Montana has more than 145,000 students attending public K-12 schools across the state. The average age of school facilities is 53 years and 68% of schools were built prior to 1970, creating an inventory of aging structures needing repair and renovation. While funding has been obtained to
address serious safety issues, revenue for the Facility Reimbursement Program was reduced in 2010. Meanwhile, facility needs are growing, creating funding gaps for items such as damaged or worn out systems and facilities, codes and standard violations, and energy costs. As energy costs continue to rise and student populations grow, school facilities face even larger funding deficits while trying to provide a safe, healthy, and productive educational environments for communities.
There are 32 Municipal Solid Waste Landfills (MSWLs) in Montana, handling approximately 1.6 million tons of solid waste annually. The state’s facilities have approximately 38 years of capacity remaining. Additionally, since most of the MSWL facilities were either constructed or received significant upgrades in the last 25 years, the overall condition of the infrastructure at the landfills, including on-site roads, stormwater controls, and equipment buildings is relatively good. Should infrastructure improvements be required, customers are charged, typically through property taxes, monthly billing, or pay as you throw programs. One area of improvement is diversion rates; the state diverts 21.9% of the solid waste it generates, significantly below the national average of 34.3%. Another area of concern is the condition and safety of rural transfer stations.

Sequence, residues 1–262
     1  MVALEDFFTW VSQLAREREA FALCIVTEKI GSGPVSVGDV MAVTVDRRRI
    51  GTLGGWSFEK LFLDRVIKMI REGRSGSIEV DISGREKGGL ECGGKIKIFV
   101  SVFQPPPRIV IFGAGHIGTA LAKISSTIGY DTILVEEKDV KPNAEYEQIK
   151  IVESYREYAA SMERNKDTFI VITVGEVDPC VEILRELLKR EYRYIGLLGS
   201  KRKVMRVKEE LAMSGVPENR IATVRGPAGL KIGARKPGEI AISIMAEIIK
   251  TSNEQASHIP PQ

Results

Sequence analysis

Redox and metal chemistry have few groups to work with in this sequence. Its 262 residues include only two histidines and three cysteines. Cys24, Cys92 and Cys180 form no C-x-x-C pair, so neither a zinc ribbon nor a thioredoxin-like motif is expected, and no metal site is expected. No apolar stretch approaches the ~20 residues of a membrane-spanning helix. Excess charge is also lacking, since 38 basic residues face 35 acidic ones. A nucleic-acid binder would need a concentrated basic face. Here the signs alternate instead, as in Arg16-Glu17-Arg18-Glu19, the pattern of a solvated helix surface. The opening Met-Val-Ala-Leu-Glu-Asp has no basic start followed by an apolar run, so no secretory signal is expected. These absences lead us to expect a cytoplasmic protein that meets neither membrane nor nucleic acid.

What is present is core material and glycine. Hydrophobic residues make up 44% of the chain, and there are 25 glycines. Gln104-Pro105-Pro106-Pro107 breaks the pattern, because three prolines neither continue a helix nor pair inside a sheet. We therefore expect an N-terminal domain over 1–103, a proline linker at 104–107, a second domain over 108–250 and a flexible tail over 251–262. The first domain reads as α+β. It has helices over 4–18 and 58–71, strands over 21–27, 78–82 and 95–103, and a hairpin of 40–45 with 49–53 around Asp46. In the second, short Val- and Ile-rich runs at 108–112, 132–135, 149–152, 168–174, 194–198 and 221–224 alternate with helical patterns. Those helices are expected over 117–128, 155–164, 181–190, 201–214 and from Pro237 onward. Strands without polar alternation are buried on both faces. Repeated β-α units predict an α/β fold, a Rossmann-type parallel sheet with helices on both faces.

In the past five years, Montana has reached a stormwater “turning point,” with seven regulated cities collecting and allocating millions of dollars toward infrastructure and staff investments to better manage their stormwater programs. For example, regulated cities have created over 15 dedicated positions tasked with developing and running stormwater facilities. As another example, the City of Bozeman is spending $5 million to replace nine miles of pipes in its storm sewer system. However, Montana as a whole is trying to catch up after years of underinvestment. Increased funding, more quality-based projects, and broader regulations that cover all pollution contributors are needed.